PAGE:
Even if it looks like it’s not working?

Even if it looks like it’s never going to happen?

Even if there’s barely a shred of hope left inside you?

Did you answer “yes” to those questions? If you did, congratulations. You’re gonna make it. You’ve got what it takes.

And yeah, it is gonna take time. Some days it’ll feel impossible. Other days it will feel easy like Sunday morning.

But every day you show up will feel worth it. And eventually that worth-it feeling will grow into more than just a feeling. It will grow into an actual writing career where you get paid to write and put your words out into the world. 

Because you can’t not get where you want to go if you show up every day and keep going no matter what. It’s literally impossible. 

It might take blood, sweat, tears and time, but it will happen. That much you can count on.

And whenever you find yourself freaking out, panicking or worried that it’s all for nothing, I leave you with one of my all-time favorite quotes, from the book, A Course In Miracles:

“Those who are certain of the outcome can afford to wait, and wait without anxiety.” 

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Are you in it for the long-haul? Say YES in the comments! 

The 2 Things Stopping You From Finishing

How many times have you started a writing project, but never finished it? And you always have a great reason (aka: excuse) for why–it was too hard, it wasn’t working, you’re no longer interested, you don’t have time, etc.

But here’s the thing: at some point you have to finish something.

‘Cause if you never finish, you’ll never be successful. Not ever.

​Successful people finish what they start. 

So let’s talk about what’s really causing you not to finish things: Fear and Resistance.

Fear comes in many forms:

  • Negative voices
  • Limiting thoughts
  • False beliefs you think are true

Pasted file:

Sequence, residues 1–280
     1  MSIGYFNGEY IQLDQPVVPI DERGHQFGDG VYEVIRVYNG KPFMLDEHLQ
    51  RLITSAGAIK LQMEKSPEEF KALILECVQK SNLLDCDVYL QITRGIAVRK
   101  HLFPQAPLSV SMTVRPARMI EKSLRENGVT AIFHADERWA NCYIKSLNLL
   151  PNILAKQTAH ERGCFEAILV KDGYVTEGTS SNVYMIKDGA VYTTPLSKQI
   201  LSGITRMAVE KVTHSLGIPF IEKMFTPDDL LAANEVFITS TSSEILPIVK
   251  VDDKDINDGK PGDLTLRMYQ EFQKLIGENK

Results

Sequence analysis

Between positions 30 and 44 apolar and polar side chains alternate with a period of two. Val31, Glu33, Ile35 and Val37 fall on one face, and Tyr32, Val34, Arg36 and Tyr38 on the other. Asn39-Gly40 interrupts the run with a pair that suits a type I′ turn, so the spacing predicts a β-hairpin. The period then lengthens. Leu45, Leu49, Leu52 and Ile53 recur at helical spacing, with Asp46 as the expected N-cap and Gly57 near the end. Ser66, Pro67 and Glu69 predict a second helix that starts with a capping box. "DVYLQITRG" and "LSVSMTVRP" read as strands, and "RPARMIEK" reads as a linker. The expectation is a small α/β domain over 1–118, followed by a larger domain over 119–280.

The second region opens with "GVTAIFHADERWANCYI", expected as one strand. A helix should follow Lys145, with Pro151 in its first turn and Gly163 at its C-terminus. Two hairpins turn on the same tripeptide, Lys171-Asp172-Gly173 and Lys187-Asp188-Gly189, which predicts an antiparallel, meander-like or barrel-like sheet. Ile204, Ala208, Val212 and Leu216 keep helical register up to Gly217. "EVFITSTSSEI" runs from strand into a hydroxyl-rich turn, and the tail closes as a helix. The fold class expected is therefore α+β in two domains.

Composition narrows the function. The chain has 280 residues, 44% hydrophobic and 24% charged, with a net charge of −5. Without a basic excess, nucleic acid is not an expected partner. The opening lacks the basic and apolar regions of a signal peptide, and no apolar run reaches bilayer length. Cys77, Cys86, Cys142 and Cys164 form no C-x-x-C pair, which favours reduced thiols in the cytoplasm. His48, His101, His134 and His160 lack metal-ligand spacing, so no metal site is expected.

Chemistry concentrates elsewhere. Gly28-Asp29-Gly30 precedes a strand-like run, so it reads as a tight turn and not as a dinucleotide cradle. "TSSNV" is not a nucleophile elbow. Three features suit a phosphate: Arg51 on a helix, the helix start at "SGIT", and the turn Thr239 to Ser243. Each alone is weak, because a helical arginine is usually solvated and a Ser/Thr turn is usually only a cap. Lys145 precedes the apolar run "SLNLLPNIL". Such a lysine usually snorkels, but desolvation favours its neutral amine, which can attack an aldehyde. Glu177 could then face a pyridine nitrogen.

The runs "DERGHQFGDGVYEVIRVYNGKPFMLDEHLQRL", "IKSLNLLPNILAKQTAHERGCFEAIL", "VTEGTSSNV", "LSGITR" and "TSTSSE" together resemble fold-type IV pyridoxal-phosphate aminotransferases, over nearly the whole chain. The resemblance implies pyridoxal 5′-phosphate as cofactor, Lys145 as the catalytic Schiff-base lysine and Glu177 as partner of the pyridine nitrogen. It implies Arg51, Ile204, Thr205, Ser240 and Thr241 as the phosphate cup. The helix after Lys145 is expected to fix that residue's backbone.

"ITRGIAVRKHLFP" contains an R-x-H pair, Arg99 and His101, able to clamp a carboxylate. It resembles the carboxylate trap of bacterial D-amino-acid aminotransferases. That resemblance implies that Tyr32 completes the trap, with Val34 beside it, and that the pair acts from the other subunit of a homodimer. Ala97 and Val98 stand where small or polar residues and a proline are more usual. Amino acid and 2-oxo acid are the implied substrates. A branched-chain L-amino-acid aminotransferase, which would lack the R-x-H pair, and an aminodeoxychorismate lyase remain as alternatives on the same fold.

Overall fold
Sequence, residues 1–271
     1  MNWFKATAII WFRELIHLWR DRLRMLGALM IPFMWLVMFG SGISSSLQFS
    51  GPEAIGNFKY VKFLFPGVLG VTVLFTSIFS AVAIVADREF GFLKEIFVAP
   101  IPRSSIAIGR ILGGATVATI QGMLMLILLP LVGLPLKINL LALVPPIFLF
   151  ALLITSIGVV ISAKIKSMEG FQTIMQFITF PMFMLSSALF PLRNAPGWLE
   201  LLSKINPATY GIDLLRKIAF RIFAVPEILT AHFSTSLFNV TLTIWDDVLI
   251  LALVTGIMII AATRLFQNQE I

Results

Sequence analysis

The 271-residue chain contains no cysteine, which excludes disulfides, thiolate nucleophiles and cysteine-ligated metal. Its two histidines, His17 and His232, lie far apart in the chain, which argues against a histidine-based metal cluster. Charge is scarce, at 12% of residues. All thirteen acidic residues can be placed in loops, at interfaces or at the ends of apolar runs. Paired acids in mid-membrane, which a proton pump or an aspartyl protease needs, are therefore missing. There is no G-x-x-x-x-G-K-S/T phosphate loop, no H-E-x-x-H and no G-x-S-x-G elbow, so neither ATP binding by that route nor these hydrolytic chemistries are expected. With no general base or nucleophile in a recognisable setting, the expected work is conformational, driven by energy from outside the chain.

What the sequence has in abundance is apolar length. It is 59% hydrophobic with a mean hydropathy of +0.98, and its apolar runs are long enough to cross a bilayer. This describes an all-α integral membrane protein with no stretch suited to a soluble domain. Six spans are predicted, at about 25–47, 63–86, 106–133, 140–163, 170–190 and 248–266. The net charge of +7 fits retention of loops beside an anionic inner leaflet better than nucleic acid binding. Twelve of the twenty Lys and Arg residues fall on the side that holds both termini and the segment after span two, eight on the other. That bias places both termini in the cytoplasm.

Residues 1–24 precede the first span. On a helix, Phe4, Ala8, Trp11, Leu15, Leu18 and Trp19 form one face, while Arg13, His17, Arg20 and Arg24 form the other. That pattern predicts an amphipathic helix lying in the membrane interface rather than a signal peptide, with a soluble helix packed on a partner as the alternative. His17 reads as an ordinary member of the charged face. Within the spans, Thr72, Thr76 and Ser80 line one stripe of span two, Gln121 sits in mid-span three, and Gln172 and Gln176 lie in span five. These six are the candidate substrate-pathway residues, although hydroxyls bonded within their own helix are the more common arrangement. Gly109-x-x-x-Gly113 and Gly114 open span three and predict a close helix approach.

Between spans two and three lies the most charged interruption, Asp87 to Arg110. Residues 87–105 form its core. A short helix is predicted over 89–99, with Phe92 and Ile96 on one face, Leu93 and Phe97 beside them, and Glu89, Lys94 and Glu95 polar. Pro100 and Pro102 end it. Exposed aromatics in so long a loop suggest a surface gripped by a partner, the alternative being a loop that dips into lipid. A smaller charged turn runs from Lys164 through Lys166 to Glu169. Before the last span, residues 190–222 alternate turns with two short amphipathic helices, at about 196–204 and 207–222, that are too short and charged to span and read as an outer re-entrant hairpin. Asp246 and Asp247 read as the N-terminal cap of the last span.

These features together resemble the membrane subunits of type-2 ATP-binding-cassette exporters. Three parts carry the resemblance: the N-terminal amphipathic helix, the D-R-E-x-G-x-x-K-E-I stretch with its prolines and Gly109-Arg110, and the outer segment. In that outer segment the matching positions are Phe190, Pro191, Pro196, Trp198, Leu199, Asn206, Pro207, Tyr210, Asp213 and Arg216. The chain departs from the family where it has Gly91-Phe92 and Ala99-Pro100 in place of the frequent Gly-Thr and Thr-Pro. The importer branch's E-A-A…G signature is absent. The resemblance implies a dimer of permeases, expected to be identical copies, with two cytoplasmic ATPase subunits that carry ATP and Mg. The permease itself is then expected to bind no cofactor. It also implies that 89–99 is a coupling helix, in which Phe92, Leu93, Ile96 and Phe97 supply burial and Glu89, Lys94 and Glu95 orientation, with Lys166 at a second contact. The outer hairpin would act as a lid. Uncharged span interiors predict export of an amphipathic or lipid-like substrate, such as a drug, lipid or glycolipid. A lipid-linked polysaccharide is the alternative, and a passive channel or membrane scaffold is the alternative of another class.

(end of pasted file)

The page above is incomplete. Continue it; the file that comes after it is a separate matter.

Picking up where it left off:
Here’s how fear often shows up:

  • Telling yourself things, like “I can’t do this” or “I’m not good enough”
  • Believing things like, “this isn’t meant for me” or “it’s too late” 
  • Having thoughts, like “the world doesn’t need another novel” or “why would anyone read my book?”

This fear gets in the way of you finishing your writing project(s).

As for Resistance, Steven Pressfield covers this extensively in his series of books (starting with the War of Art). For now, think of Resistance as self-sabotage.

Resistance is basically your comfort zone trying to stop you from doing something “threatening,” like publishing your novel.

Here’s how Resistance often shows up:

  • You spend months working on a novel, and then suddenly another story idea pops up that seems “so much better” and so you chase that idea instead of finishing the one you were already working on
  • You know you need to work on your writing, but instead you decide to wash the dishes, clean your house, and catch up on those emails that were unimportant until right now when you were gonna write
  • You have a drawer (or computer file) of unfinished novels, short stories, etc. 

I’ve had seven years of fear and Resistance; of finishing, but not really finishing (I wrote and started to revise a novel, but never published it).